Kevin Geiss, deputy assistant secretary of the Air Force for energy, said energy savings should be factored into the strategic planning process early on. (Air Force)
WASHINGTON — The Air Force has made great strides in energy efficiency in the past several years. But in order to maximize savings, Pentagon officials need to include energy discussions in strategic planning, according to the service’s top energy official.
“When we’re buying something, a lot of other bigger, larger strategic decisions have already been made about how that capability is going to be utilized in an operational context,” Kevin Geiss, deputy assistant secretary of the Air Force for energy, said at an Air Force Association event Wednesday morning.
“We pay quite a bit of attention on certain weapon systems, how efficient is it, but when we develop requirements, those are generally for an aircraft — range, payload, capability,” Geiss said. “Energy is a component of each of those. So our primary focus is to ensure that energy is appropriately on the table as we discuss those requirements.”
Logistics play a major part as well. While the service can achieve a marginal increase in an exquisite weapons system, those savings can be dwarfed by the logistics around the platform.
“You have all this other stuff you have to bring all the way over [to the area of operations],” Geiss said. “Where you base your fuel, the resiliency of the fuel, the ability to support logistically that operation, may be a greater consideration than some people know.
“What we’re trying to do is in the context of ‘we need to buy stuff,’ is making sure we as a department are working through those [plans], the war gaming in those situations of how that weapon is going to be implemented.”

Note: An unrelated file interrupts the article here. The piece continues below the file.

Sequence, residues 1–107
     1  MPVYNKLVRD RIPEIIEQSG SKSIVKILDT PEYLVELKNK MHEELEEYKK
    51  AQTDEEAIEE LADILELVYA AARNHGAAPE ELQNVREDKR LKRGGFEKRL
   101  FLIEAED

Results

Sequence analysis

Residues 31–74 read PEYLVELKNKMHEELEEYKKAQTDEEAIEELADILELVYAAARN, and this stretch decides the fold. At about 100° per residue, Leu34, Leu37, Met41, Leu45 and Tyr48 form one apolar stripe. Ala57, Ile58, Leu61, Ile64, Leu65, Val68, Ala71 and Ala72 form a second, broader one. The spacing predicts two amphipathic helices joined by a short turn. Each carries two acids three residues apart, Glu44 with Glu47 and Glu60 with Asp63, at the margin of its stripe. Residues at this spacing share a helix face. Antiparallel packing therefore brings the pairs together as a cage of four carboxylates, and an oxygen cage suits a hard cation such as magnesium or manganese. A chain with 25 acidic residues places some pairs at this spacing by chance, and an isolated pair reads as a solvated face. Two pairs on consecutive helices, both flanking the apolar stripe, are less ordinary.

Highlighting the importance of energy savings for the Air Force, Geiss said the service’s energy bill last year was $9.2 billion. At the same time, the service has become a leader in finding fuel efficiencies, winning five government awards in 2013 for creative savings.
One of those award-winning projects involved the legacy KC-135 Stratotanker platform. The 22nd Operations Group Fuel Efficiency Office, based at McConnell Air Force Base in Kansas, reduced KC-135 fuel usage by changing the standard landing fuel weight and standard landing configuration. Despite an increase in sorties by 42 percent, the group found $4.3 million in savings.
“So these folks proved that it’s a false choice to say we can either get the mission done, or we can save energy,” Geiss said.
Energy consumption will be a major part of the service’s next-generation engine, with increased efficiency and performance both targeted. But exactly what savings might result is hard to project, given the various factors that go into the equation.
“How those benefits are utilized in the weapons system will ultimately be determined when they decide what weapon system those will go into,” Geiss said. As an example, program officials may seek certain increased thrust levels, which could be the result of heavier payloads or a requirement for short takeoff capabilities. Conversely, there may be a demand for efficiency, that may be for longer range, or it may be because of a specific weapons set.